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Police Must Be Accountable To The People

Courant.com – Op Ed


The Hartford Courant

May 1, 2011

Recent reports of police misconduct, which include allegations of brutality, lax discipline and favoritism in Meriden, Bristol and Windsor Locks, along with similar incidents in other departments during the past several years, demonstrate the urgent need for legislation to protect the civil rights of innocent citizens.

Because police officers have the powers to arrest, seize property and use deadly force, their abuse of their authority represents a grave threat to the safety and civil rights of all citizens. Prospective police officers must be strictly screened to make sure that only people with high moral and ethical standards are hired.

Once officers are hired we must have clear, unbiased methods to review their conduct on the job. Just as there are statewide agencies to hear complaints and discipline members of most other professions — such as the health department with regard to doctors and the statewide grievance committee with regard to lawyers — there should be a state agency to hear complaints and discipline police officers.

One of the surest routes to reducing instances of police misconduct is to make sure those being given a badge meet rigorous qualifications.

The state must implement much stronger laws and regulations, setting out much more stringent requirements for becoming a police officer and ensuring that the hiring practices of individual police departments maintain these standards.

This should include the following:

1. Very thorough background screening including high school disciplinary records:

Was this person a high school bully? Did he assault and injure any of his high school classmates? Unfortunately, many high school bullies apply to become police officers simply because they like to bully other people.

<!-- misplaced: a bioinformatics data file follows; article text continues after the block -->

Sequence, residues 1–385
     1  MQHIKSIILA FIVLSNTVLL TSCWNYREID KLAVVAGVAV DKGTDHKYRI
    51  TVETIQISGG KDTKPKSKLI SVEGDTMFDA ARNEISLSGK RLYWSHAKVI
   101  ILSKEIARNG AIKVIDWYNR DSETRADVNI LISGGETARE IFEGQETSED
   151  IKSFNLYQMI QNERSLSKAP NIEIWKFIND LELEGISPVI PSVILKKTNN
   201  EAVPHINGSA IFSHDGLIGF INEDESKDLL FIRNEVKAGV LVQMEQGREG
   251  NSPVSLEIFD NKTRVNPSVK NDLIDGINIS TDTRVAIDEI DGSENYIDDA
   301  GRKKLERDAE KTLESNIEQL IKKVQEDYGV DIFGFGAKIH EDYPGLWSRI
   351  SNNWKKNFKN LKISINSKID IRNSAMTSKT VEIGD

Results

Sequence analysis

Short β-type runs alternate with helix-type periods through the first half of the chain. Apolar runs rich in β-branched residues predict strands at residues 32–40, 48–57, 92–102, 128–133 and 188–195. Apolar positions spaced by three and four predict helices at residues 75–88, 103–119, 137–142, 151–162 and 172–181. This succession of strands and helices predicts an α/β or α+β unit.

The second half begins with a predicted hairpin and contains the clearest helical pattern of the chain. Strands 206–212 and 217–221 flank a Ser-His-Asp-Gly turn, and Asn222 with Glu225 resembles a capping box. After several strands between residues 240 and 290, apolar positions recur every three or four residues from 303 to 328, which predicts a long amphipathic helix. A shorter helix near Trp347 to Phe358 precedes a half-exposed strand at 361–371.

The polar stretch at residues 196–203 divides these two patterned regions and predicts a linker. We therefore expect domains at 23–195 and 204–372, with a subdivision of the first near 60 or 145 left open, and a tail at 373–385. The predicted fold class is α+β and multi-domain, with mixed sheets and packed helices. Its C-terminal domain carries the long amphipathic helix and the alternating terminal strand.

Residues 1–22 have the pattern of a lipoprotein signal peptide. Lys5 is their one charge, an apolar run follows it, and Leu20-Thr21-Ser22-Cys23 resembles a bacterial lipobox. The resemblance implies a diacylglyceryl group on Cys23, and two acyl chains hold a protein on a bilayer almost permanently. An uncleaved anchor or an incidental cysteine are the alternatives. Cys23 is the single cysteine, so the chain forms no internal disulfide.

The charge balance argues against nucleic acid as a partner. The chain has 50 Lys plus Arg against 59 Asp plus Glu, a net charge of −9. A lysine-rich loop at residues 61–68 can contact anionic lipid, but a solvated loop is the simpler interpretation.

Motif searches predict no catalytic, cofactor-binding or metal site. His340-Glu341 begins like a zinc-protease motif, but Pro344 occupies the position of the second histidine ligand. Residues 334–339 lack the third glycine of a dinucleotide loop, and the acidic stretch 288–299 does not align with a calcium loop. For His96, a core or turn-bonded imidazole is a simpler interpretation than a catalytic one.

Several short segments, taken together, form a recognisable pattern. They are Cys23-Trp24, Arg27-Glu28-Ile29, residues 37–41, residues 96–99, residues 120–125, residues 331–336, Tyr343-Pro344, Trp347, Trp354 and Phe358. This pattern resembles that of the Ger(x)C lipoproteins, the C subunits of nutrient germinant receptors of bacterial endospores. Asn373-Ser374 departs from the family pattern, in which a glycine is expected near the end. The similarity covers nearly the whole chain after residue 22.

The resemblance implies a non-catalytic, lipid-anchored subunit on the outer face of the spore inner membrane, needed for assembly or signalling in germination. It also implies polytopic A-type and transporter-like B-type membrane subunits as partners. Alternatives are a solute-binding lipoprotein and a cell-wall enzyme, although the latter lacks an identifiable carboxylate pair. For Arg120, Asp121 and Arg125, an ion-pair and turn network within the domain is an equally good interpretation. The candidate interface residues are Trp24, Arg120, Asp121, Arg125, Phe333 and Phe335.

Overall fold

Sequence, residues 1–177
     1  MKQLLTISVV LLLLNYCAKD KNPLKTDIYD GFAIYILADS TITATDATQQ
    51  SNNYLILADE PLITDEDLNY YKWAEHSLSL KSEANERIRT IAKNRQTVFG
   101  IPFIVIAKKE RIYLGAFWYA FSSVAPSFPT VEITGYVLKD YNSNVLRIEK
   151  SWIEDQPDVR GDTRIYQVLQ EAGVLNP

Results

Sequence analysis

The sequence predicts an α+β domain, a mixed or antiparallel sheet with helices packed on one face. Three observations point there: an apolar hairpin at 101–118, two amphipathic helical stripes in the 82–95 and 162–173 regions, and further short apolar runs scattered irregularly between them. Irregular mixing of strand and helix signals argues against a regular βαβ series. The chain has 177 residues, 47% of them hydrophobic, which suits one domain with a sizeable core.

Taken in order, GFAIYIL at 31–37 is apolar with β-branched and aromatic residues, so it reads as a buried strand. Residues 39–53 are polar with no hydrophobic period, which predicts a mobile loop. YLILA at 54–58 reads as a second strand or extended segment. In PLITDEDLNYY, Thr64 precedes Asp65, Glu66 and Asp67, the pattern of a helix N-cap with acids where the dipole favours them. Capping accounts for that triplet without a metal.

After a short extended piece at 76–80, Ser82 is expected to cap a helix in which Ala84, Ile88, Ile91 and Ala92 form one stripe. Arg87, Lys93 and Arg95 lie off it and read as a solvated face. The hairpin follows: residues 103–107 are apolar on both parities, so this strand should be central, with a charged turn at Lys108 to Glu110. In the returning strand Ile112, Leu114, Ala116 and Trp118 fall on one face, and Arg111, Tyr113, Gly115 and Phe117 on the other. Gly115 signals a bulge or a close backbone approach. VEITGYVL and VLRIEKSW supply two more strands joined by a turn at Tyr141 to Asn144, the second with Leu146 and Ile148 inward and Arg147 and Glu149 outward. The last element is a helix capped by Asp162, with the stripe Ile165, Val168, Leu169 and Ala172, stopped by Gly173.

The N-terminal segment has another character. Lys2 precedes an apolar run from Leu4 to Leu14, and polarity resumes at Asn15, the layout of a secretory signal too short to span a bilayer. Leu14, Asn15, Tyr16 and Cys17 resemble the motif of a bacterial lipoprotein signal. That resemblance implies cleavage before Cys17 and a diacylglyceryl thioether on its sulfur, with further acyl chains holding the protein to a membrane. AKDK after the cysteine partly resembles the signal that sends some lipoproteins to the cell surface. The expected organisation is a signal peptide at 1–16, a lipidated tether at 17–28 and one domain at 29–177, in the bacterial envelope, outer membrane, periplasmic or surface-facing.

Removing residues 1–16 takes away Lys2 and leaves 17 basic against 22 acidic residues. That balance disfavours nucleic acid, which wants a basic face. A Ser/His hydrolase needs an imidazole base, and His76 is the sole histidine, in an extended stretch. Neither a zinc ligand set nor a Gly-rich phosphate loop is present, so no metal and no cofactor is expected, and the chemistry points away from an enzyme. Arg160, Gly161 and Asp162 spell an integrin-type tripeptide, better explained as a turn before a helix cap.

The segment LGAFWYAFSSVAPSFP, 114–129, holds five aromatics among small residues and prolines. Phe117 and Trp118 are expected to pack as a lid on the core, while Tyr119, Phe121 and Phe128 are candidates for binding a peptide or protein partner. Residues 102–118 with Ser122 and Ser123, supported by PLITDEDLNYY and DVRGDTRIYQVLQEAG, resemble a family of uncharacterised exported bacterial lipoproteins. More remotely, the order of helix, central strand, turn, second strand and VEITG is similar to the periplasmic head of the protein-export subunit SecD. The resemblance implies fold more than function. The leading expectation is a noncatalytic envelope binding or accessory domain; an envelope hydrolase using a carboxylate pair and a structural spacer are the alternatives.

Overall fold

2. Very extensive psychological testing and interviews to determine whether the person has violent tendencies, a predilection to injuring or bullying other people and whether he is morally suited to become a police officer. What are his moral and ethical values? Is he an honest person who likes to help other people rather than hurt other people?

3. There should be a specific prohibition in state law stating that no preference can be given to applicants who have relatives who are already on the police force. Also, if hired, such applicants cannot work under the direct supervision of any relatives. Further, officers must disqualify themselves from decisions with regard to the discipline or promotion of a relative within the same police department.

Further critical reforms include:

Promulgation and enforcement of strict and uniform disciplinary rules that apply to all police officers in Connecticut, which would be overseen by a statewide grievance committee.

Revising laws to make it a very serious crime for any police officer, internal affairs investigator or police official to cover up or fail to properly investigate any complaints against police officers.

Requiring all police officers to carry digital camcorders and to turn them on whenever they interview a citizen or take any action against a citizen.

Creating a specific requirement that, whenever a police officer uses force against a citizen for any reason or takes other coercive action against a citizen, a complete written report sworn to by that officer must be made and all such reports be reviewed by internal affairs investigators, whether or not a complaint is made, to determine if the police officer's actions were lawful.

Every police department in the state should be required to have at least one full-time and completely independent internal affairs investigator. These investigators should report directly to either this new police regulatory agency (similar to the statewide grievance committee) and/or to the state police.

The number of serious cases of apparent police misconduct that compromises the safety and rights of citizens demands action. Members of the General Assembly's public safety and security committee and other legislative leaders should propose and pass such legislation to protect the civil rights of all Connecticut citizens.

Robert L. Klein, a lawyer is a retired assistant attorney general active in civil rights litigation.

Copyright © 2011, The Hartford Courant




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